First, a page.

You seem to think that because you know of some people who have thus so far done off lead "safe" then that is perfectly okay for them. I believe differently and the vast majority of the sighthound fancy beleives the same way that I do on this topic. I would have to say that it only takes a second and there is no stopping that dog.

Since you have given some examples, let me give you one. I know of a sighthound that each and every time she got out of the car in a gap railed parking garage at home, she always ran to the elevator with her owner and then went to thier condo. She did this every day for 7 years of her life. Then one day she got out of the car as usual and saw some leaves flit past her and her sighthound instincts took over and she chased the leaves. As most sighthounds do, when she ran her brain "shut off." Regretfully, she chased those leaves through the gap railing, out of the parking garage and fell several stories to her death. All because her owner had become complacent and had long ago decided that he didn't need to leash her to get out of the car anymore as she was "reliable" and had been to obedience classes. Afterall, what dog would jump from such a height?

I will tell you that there are a lot of stories just like this in the sighthound community. In place of the parking garage, maybe it is a second story window or deck, or a cliff, or a front yard, or the parkinglot at the dog park, etc etc etc.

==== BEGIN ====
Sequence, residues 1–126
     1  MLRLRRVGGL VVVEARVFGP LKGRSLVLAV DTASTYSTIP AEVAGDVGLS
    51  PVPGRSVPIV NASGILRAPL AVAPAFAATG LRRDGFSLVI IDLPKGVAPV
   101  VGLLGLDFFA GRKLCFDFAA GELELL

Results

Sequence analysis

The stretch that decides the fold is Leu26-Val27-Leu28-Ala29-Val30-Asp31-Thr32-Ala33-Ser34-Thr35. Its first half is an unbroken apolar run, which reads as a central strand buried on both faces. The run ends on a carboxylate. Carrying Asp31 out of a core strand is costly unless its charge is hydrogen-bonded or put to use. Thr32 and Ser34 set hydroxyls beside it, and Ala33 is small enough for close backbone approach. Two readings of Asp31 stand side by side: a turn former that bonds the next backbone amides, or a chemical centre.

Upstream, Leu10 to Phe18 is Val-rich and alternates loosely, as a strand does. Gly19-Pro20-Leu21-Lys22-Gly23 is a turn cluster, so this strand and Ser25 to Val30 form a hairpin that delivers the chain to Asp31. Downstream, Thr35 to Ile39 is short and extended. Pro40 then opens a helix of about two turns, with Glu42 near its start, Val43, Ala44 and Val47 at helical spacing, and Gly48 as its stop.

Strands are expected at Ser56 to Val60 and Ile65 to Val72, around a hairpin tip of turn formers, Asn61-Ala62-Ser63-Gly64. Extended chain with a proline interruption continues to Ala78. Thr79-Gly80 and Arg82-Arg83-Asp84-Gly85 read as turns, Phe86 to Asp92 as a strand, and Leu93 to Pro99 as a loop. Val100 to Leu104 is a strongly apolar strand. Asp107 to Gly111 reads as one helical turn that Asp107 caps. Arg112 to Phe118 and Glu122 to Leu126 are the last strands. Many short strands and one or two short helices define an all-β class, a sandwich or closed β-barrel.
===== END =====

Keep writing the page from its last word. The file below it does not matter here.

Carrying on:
That is why the majority of the sighthound community believes that sighthounds should never be off lead in unenclosed areas.

I posted the above links to show you that it is not just "me." I'm not the only one who thinks this. In fact, YOU are in the minority on this issue. If you are okay with putting your dog at risk, then fine. That is your choice.

I can tell you that with a sighthound who can be recalled mid chase, can be called off a stopped lure across a coursing field and will actually dart around catchers to obtain his heel position at my side, who has been trained to stick in a close heel should I ever accidentally drop his lead and is trained to then pick up his lead in his mouth and hand it to me when I stop, who has been desensitized to crowds and strange occurances to the point that he was able to cross a stage to a live band and applause in a crowded auditorium and retain his focus, who can go through a zoo filled with odd scents and sights and not loose focus, who can retain focus while visiting emotionally disturbed patients in a psych ward, who has completed hundreds of hours of training... all those things considered, I STILL believe that my sighthound should never be off lead in an unenclosed area. Let me tell you, Byron has had a whole lot more training than the average dog. I have a level of trust in him that is far and above which I have ever had for another dog, as I must rely on him to assist me.